Pre-heat your oven as you slice. Line two baking sheets with parchment paper and lay out your citrus circles in rows. Bake in an oven at 200 degrees Fahrenheit for about four hours.

3. When your oranges look dried and wrinkly, they are done. Remove from oven and let cool on the baking trays

4. Make the base of your wreath with evergreens cut in 12-inch lengths. With some floral wire, attach your juniper boughs tightly together to form a circle.

Make the base of your wreath with some lovely evergreens cut in 12-inch lengths. We’ve used juniper boughs (they smell gorgeous), but you could use anything you have on hand that’s fresh and pliable. The cuttings from your Christmas tree will work great too.

5. Using the floral wire, create dried orange bundles (each with three slices) by threading the wire through the circles. Leave enough wire on your bundles so you can attach them to the wreath.

With some floral wire, attach your juniper boughs tightly together to form a circle. If you want, you can also attach the evergreens to a wire form or grapevine base for extra ease and stability.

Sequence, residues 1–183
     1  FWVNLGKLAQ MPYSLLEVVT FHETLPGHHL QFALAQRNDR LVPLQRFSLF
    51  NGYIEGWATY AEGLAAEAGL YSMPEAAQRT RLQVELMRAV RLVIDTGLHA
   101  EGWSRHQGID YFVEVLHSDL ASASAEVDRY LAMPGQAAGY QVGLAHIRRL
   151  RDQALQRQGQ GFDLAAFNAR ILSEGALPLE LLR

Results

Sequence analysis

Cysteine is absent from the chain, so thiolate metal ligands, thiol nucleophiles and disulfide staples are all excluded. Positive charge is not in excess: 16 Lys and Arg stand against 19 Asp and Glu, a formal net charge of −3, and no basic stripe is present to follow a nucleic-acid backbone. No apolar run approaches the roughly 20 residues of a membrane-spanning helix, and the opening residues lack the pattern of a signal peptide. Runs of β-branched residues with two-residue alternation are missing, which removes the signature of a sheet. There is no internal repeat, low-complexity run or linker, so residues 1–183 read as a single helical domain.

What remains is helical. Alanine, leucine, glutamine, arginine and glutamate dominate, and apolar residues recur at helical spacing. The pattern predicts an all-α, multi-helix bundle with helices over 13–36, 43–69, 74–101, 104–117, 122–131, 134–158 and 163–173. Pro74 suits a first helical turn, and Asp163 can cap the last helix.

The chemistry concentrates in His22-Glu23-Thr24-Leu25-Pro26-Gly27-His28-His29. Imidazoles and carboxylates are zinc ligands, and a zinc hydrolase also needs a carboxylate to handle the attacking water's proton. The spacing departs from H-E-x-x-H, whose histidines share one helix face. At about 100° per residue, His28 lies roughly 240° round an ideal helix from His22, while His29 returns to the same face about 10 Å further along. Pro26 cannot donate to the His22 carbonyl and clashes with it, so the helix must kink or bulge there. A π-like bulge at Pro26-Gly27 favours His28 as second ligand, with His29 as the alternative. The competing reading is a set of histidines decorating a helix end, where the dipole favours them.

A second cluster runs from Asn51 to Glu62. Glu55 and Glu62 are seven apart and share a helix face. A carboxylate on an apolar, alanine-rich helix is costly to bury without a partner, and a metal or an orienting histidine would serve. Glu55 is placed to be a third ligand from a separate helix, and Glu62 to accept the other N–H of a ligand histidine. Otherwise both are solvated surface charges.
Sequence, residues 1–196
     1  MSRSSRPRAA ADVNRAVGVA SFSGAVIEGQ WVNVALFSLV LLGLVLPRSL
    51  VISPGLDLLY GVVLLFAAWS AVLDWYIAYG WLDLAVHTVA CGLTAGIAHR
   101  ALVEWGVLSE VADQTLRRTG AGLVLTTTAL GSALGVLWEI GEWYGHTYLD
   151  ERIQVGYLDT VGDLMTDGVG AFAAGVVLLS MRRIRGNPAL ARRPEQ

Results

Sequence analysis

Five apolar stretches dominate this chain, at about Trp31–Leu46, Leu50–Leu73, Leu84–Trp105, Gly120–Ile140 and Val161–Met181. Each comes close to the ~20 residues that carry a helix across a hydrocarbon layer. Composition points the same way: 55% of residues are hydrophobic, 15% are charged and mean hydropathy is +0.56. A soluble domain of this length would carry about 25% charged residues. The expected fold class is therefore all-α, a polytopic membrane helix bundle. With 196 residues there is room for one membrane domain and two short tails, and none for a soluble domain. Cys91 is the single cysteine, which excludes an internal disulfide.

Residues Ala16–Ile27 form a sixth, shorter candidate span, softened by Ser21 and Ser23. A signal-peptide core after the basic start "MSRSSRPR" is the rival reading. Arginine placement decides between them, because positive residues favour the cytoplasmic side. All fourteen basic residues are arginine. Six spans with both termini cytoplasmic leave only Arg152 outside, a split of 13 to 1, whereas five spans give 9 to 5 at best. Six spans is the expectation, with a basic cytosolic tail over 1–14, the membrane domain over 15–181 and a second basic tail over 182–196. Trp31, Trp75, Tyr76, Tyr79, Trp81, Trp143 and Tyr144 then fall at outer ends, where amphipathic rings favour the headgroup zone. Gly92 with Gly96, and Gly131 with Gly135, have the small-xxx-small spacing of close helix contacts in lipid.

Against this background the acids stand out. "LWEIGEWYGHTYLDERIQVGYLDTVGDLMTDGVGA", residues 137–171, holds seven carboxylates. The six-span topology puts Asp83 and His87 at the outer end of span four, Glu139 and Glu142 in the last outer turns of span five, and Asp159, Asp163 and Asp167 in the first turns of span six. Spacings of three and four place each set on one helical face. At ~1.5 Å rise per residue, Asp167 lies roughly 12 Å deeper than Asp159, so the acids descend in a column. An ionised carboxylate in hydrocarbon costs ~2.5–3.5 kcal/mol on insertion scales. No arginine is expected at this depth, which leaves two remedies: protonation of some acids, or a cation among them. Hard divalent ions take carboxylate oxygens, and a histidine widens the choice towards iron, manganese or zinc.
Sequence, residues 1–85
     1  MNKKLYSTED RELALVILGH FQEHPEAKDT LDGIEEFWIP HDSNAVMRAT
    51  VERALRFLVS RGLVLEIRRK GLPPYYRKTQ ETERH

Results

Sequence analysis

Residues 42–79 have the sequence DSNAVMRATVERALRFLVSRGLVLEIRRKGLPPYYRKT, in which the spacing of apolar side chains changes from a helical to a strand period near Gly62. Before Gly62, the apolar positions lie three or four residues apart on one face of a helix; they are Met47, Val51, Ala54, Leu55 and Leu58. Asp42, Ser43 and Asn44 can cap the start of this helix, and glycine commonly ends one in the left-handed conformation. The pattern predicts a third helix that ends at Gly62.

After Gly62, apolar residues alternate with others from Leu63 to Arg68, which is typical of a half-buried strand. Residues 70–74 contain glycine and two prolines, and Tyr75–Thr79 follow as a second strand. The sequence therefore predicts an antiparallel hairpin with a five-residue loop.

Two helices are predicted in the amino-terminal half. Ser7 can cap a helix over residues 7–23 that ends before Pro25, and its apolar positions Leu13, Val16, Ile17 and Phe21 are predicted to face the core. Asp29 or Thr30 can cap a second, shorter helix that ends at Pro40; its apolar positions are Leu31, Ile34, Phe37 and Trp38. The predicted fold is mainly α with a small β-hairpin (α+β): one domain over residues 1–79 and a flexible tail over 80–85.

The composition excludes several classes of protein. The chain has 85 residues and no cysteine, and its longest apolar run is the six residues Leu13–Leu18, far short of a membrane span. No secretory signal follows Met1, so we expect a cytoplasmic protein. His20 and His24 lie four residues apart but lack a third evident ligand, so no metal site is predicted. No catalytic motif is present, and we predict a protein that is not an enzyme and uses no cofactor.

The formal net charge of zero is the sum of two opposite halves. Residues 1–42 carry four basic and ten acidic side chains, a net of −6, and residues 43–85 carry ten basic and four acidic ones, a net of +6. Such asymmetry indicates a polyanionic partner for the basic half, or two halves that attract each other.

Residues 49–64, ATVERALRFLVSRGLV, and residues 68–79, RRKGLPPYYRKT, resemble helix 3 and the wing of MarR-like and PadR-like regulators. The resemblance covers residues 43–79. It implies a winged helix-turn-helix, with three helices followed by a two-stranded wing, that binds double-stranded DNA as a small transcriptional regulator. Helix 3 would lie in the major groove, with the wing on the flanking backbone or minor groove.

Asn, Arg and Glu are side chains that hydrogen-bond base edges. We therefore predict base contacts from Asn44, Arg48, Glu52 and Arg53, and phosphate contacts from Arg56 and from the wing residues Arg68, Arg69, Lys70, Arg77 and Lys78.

6. Use the same process to make little bundles with the dried florals – or simply poke the dried florals into the wire that is holding the wreath together.

Using the floral wire, create dried orange bundles (each with three slices).
Leave enough wire on your bundles so you can attach them securely to the wreath. When you’ve placed the citrus slices, use the same process to position the dried florals and fill in the gaps.

7. When you’ve finished positioning the citrus bunches, fill the wreath in with dried florals. Magnolia leaves, seeded eucalyptus, and silver brunia berries add texture to the wreath and allow the vibrant citrus to truly shine.

8. Finish off with a pretty silk ribbon bow and hang in a spot where the winter sunshine will illuminate the citrus slices.

Finish off with a pretty silk ribbon bow and hang your new wreath in a spot where the winter sunshine will illuminate the citrus slices.

Cynthia Zamaria is a floral designer, interior designer and an experienced renovator of historic homes. You can read about her current project, the Millar House, on her website and follow her design exploits on Instagram.

 

Brooke Sanders

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Brooke Sanders